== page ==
When I was a brand new trial attorney working for the Department of Justice, I had a really wonderful colleague and mentor named Barbara Johnson.
Technically we had the same job, but she’d been doing it a lot longer, and she was better at it. She’d also been promoted and transferred all over the United States. She saved me from some truly boneheaded ideas.
Barbara died a few years after I left the government — cancer, much too young — so you’ll forgive me for being a bit sentimental here. But you would have liked her.
Besides sharing some good “how-to-not-get-fired-or-disbarred” advice, we used to just sit and chat in her office, regaling each other with stories.
She’d had an interesting, nonlinear life, lots of ups and downs, lots of entertaining tales. Even back then, I could relate. Here’s a quick story she told me, about the boxes in her house.
You see, Barbara had moved so many times for Uncle Sam that she never really had the chance to unpack.
Finally, she dedicated a weekend to reorganizing, and she realized that among those dozens of cardboard boxes she’d been lugging, a bunch of them were filled with (a) old newspapers and magazines from the 1990s, (b) long-since-irrelevant receipts from dinners and doctor bills, and (c) even the contents of an old recycling bin.
I guess the first move had been on short notice, and the movers had just thrown everything together quickly. Then she’d carted them with her from DC to Hawaii, to California, back to DC, then California again, then Hawaii once more, and finally back to DC.
“Ha ha ha,” she said self-effacingly. I can still see her smiling as she told the story. “Such a packrat.”
I think Barbara would have liked the anecdote I’m going to share next, which I heard much later, and in which another government worker’s packrat tendencies paid off big time.
Gary George was this guy’s name, and he interned at NASA in the early 1970s.
Back then, he had a side hustle, buying and reselling things from government auctions. In 1973, he bought a truckload of used government video tapes, planning to sell them to local television stations that backed up their programs on recycled tape.
Mr. George spent $218 on 1,150 videotapes, and sold just eight of them for $400 total. Then, with no place to store the rest of the tapes, he donated most of the haul to a church for the tax write-off.
At the last minute, George’s dad noticed that three tape boxes were marked, “Apollo 11 EVA.”
“EVA” stood for "extra-vehicular activity,” his dad, a NASA fan, told George, adding: “I think I'd hang onto those. They might be valuable someday.'"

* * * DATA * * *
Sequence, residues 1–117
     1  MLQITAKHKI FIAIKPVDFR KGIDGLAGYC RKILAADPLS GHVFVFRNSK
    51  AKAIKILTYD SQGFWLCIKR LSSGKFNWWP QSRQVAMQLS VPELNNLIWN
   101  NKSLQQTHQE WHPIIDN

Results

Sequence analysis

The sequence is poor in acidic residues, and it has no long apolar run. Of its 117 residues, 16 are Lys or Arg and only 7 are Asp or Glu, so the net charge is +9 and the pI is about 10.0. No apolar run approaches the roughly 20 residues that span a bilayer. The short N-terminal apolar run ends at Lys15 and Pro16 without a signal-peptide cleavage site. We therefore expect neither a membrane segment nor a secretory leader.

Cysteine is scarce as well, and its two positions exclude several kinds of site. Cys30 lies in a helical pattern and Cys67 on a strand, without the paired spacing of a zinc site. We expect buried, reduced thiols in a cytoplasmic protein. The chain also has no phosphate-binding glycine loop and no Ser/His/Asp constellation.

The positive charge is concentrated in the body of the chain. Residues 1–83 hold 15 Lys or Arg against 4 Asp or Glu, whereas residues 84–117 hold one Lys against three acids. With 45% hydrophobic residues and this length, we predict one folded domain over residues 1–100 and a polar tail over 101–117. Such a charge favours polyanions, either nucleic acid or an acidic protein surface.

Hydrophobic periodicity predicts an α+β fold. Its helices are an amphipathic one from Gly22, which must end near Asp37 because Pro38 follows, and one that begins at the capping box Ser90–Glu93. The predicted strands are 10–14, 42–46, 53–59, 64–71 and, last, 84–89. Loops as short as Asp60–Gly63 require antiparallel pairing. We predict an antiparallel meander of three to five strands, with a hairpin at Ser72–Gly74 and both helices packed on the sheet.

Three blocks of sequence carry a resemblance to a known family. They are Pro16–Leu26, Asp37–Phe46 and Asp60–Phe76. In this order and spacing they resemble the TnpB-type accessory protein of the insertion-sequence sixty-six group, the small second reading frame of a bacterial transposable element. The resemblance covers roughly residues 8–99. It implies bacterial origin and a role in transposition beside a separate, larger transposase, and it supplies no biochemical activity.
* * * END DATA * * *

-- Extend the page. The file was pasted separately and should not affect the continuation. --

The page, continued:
Hang on them, he did, carting them from apartment to apartment and house to house, for decades.
By 2008, George had long since left NASA, but he stayed in touch with some old colleagues. That year, he vacationed with one of them, and the old colleague shared two bits of news:
First, he explained, in 2006, NASA had admitted that it had lost all its copies of the moon landing.
And second, guess who was the NASA employee now in charge of trying to find them? (The buddy, in case that isn’t clear.)
“I was sitting at the table drinking a beer and I said, 'Well, damn, I have those,'" George told Reuters.
OK, the thing sounds a little bit neatly tied up with a bow, but everyone swears it’s just how it came up. As a result, George opened negotiations with NASA.
He’d never actually watched the videos, as he didn’t have the right kind of vintage equipment, but the agency flew George to a California studio to check them out.
Sure enough, he learned, he was the proud owner of the oldest and best-quality recordings of the Apollo 11 landing.
As of last year, the videos had been viewed only twice more: first when George had the contents copied and digitized, and again when officials at the Sotheby's auction house viewed them to verify the contents.
Oh that's right, Sotheby’s, which sold them last year on George’s behalf, in an auction that took place on the 50th anniversary of the moon landing: $1.82 million (plus commission).
It's not known who the winning bidder was. The winning intern, however, is pretty clear.
The moral of the story is…
Well, heck, I’m not sure what the moral is.
Hold onto everything? Have a side hustle? Always stay in touch with old colleagues?
Don’t bother saving for retirement because you probably own something worth millions anyway?
How about this, instead.
Remember your stories, improve them with each telling, and share them with friends.
I think Barbara would have liked that.
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